The development community has a tendency to repeat the same mistake over and over again. Yet in occasionally replacing “Y” for “X” as the key input, it appears to escape being labeled insane. As Benjamin Franklin famously stated:

The definition of insanity is doing the same thing over and over and expecting different results. 

After many decades of trying to lift developing countries out of poverty, the development community, made up of private, non-profit, and (non-)governmental actors, is repeating the same mistake by viewing economic development as a machine that requires exogenous analysis and inputs in order to create the desired output. First, in the 50s to the 70s, it was the capital or investment gap that needed to be overcome, so outside actors started pouring money (loans and aid) for infrastructure projects into developing countries. Second, in the 80s and 90s, after investments in infrastructure didn’t bring the expected results, human capital or education became the magic bullet for success. Third, in the late 90s and early 2000s, institutions matter became the new mantra of the development community, with the expectation that transplanting Western institutions into developing countries would finally bring it all together. 

While all of these steps appeared as though they would take poor countries in the right direction, what the community overlooked is the importance of the endogenous, bottom-up process of establishing the institutions, and making the investments in infrastructure and education that create economic growth and prosperity. The development community is making the same mistake again. This time by inserting “girls” into the equation, seemingly without regard for the potential backlash these girls (their “means” to economic development) could face within their communities.

Anna Carella, guest blogger at William Easterly’s Aid Watch, discusses the development community’s shifting focus on supporting girls as the key to unlocking developing country’s potential for economic growth and she highlights some of the unintended consequences which would harm girls and women in developing countries. Here are her main points:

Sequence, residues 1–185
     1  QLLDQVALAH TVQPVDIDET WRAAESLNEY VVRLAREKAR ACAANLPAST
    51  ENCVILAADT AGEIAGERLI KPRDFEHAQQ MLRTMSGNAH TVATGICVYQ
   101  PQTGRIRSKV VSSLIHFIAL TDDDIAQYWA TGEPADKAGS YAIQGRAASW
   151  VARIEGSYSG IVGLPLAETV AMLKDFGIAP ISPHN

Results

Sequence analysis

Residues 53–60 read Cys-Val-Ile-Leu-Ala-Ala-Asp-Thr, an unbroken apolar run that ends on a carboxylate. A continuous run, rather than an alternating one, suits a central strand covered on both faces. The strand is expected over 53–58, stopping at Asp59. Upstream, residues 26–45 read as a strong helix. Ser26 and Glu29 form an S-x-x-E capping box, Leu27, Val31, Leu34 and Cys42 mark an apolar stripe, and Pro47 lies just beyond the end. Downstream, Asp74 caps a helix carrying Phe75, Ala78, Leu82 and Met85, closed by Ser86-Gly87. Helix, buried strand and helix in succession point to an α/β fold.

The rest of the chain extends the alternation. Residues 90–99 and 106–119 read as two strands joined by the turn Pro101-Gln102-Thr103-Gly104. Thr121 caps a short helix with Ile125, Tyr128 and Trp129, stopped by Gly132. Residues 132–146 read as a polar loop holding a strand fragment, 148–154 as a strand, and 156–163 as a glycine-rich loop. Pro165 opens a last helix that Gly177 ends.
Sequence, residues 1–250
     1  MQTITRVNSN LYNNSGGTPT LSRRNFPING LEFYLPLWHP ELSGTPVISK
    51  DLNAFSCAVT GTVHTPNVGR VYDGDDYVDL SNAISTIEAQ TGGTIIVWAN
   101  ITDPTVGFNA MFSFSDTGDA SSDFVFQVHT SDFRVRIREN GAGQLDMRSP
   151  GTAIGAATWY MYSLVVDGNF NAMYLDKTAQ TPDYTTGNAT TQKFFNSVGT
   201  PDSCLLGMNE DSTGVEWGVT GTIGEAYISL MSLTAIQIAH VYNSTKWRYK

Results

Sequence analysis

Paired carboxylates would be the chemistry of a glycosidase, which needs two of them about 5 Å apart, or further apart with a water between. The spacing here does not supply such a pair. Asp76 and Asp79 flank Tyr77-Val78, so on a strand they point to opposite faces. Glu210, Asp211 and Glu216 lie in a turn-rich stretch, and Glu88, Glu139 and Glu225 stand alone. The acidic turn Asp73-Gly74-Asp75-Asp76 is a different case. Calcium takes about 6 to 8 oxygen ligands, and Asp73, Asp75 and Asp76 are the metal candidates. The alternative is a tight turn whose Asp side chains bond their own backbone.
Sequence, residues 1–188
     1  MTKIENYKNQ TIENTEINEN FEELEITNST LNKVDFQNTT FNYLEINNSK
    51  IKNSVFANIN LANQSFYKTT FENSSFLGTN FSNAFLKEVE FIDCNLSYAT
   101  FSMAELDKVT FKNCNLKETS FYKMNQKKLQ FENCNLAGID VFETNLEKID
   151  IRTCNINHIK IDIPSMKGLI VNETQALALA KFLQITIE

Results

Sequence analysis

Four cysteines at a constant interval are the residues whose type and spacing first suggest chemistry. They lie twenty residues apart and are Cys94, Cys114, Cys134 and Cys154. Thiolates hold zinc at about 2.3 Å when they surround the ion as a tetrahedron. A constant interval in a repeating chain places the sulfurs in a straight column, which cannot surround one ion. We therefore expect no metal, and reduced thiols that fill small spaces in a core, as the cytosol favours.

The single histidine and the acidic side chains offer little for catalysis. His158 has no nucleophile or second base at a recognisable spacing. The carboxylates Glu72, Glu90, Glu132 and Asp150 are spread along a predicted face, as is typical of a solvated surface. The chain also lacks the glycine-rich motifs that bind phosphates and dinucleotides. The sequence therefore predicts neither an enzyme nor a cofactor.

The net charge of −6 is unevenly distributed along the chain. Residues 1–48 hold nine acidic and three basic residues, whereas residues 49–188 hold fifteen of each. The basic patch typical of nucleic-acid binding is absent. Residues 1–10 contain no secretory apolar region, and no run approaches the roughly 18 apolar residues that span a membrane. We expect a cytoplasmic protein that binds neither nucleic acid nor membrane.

1. It imposes a dual burden on women, perpetuating their roles as houseworkers and care-takers of children and the elderly, and adding wealth creation on top.
  2. Women are already disproportionately represented in the workforce in most developing countries. Making them work even more won’t solve the real structural problems to poverty, which require better governance and better terms of trade with rich countries.
  3. Men often feel threatened by the singular focus on helping women accelerate economically. This may increase incidences of domestic and (other) violence for these women.
  4. The campaign emphasizes the savior role of Westerners, making the involvement of foreigners the center-piece in economic development.

Using girls in developing countries as a means to an end in economic development is morally reprehensible, and, despite all the good intentions, may actually expose these girls to more hardships and suffering than it will help them. It is a sad reality that most girls in developing countries do not have the same protections under the law as men do, nor do they have the same standing in society. When foreigners elevate women economically above men, this won’t change the underlying realities of the discrimination and violence these women face. The development community needs to be aware of this fact and needs to put in place pre-cautionary measures to protect these girls from the potential backlash. Whether they will be able to do so, is highly questionable.